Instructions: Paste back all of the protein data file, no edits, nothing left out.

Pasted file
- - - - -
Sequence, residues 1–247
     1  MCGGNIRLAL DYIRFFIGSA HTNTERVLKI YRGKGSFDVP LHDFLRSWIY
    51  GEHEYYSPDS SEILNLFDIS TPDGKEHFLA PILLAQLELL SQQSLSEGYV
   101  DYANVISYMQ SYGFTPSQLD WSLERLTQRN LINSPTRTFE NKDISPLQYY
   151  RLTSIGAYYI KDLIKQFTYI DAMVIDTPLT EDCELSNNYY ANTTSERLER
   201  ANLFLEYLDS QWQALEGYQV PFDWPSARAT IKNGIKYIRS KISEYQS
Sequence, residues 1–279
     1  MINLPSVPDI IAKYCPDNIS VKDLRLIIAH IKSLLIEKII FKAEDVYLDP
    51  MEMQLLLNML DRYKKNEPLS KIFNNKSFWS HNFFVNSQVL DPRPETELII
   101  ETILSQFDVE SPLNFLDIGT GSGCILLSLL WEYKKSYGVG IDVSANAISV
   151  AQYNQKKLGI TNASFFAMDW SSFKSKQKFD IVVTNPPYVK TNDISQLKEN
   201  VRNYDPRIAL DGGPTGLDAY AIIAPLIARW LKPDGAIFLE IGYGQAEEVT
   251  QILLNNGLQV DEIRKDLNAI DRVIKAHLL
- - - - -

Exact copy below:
Sequence, residues 1–247
     1  MCGGNIRLAL DYIRFFIGSA HTNTERVLKI YRGKGSFDVP LHDFLRSWIY
    51  GEHEYYSPDS SEILNLFDIS TPDGKEHFLA PILLAQLELL SQQSLSEGYV
   101  DYANVISYMQ SYGFTPSQLD WSLERLTQRN LINSPTRTFE NKDISPLQYY
   151  RLTSIGAYYI KDLIKQFTYI DAMVIDTPLT EDCELSNNYY ANTTSERLER
   201  ANLFLEYLDS QWQALEGYQV PFDWPSARAT IKNGIKYIRS KISEYQS
Sequence, residues 1–279
     1  MINLPSVPDI IAKYCPDNIS VKDLRLIIAH IKSLLIEKII FKAEDVYLDP
    51  MEMQLLLNML DRYKKNEPLS KIFNNKSFWS HNFFVNSQVL DPRPETELII
   101  ETILSQFDVE SPLNFLDIGT GSGCILLSLL WEYKKSYGVG IDVSANAISV
   151  AQYNQKKLGI TNASFFAMDW SSFKSKQKFD IVVTNPPYVK TNDISQLKEN
   201  VRNYDPRIAL DGGPTGLDAY AIIAPLIARW LKPDGAIFLE IGYGQAEEVT
   251  QILLNNGLQV DEIRKDLNAI DRVIKAHLL